Mary Roach’s Zaniest Antics, Ranked

Mary Roach, award-winning author of six humorous, disgusting books, is one of the most objectively fascinated people on earth. The author of Stiff: The Curious Lives of Human Cadavers (2003) and, most recently, Grunt: The Curious Science of Humans at War, she is endlessly amused and intrigued by the natural world around her. On her author website, she emphasizes she was never her intention to become one of the most accomplished science writers of the 21st century—instead, she liked telling stories, and science stories happened to be the most interesting.

Reading Mary Roach is like traveling the world with a fun, uninhibited aunt. She makes snarky, intelligent jokes, she will talk to anyone, and waiters always seem to overhear her saying the word “clitoris.” To celebrate Grunt’s rousing success, The Booklist Reader has compiled and ranked a list of the strangest, most memorable things Mary Roach has done in pursuit of scientific entertainment.

stiff
7. Walking through a field of decomposing human bodies

While Mary was researching Stiff, a team of scientists was observing the natural decay of cadavers exposed to the elements without preservation. The results were potent, to say the least. Every day at a specific time, Mary and the gang would step around the bodies and note specific changes in sight and smell.

 

6. Alienating recruiters for the Mars mission

While researching Packing for Mars: the Curious Science of Life in the Void, Mary applied for a simulated Mars mission. She made it past the first round of the interview process, a combination of hypercritical personality evaluation and interpersonal skill tests. One night, around 4:30 a.m., Mary received a call regarding her second interview. Mary failed to hide her agitation, and was subsequently cut from consideration. No one wants to be stuck on the red planet with a grumpy, groggy sassmouth.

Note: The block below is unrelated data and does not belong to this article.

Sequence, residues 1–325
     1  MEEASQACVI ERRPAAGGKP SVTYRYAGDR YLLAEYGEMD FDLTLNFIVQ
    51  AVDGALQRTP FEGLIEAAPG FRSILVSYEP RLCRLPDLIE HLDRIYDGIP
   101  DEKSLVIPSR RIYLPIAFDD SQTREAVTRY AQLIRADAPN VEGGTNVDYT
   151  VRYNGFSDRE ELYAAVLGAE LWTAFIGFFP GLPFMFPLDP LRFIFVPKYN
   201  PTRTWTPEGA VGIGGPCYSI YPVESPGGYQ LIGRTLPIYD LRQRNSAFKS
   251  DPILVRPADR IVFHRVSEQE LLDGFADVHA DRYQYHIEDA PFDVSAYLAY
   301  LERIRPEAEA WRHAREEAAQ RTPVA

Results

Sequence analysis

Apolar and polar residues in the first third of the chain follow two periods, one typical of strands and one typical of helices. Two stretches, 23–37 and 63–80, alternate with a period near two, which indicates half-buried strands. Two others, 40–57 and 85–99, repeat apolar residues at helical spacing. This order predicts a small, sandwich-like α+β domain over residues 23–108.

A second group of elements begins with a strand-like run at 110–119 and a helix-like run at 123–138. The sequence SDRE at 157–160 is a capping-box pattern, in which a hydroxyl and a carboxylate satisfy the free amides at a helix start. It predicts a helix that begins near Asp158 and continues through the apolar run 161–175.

gulp5. Getting a colonoscopy while wide awake

To conduct research for Gulp: Adventures on the Alimentary Canal, Roach opted out of anesthetic for this common procedure. She endured the discomfort fully conscious, and reported to readers that the sight of one’s own large intestine is nothing short of breathtaking.

 

4. Visiting the exact location of the Donner Party cannibalism.

While researching Spook: Science Tackles the Afterlife, she and a group of scientists tested radio waves and other invisible signals for any indications of lingering spirits in the western American woods.

3. Watching someone get to second base with livestock.

bonk

While researching Bonk: The Curious Coupling of Science and Sex, Mary visited with a group of farmers in Denmark who artificially inseminate sows. For the record, even though the sperm is injected via Pyrex tube, sows still have a better chance of conceiving if the mammary glands are stimulated during insemination.

2. Observing how polar bears behave around menstruating women.

While doing research for Grunt, Mary watched an experiment intended to test whether or not bears are really attracted to the smell of human blood. A menstruating female subject sat just outside of a polar bear enclosure and waited for the bears to show interest in her active loins. What did the experiment really examine? How bizarre the human experience tends to be.

1. Doing the deed with her husband inside an MRI machine.

In her greatest stroke of genius, Mary convinced her husband to help her conduct research for Bonk. The couple agreed to have intercourse inside a 4D ultrasound machine, so that scientists could observe the body’s various external and internal reactions to such excitement. Bless Mary Roach’s unending commitment to scientific entertainment, and bless Mary Roach’s husband undying commitment to Mary Roach.

UPDATE: The original version of this post incorrectly stated that Mary Roach got to second base with livestock. It has been corrected to read that Mary Roach watched someone get to second base with livestock. We regret the error.

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About the Author:

Courtney Eathorne is a Booklist intern for the fall of 2016. She is a senior at Columbia College Chicago, pursuing a degree in Playwriting. She is also currently interning at 826CHI, a literacy non-profit with a focus in publishing Chicago student-written work.

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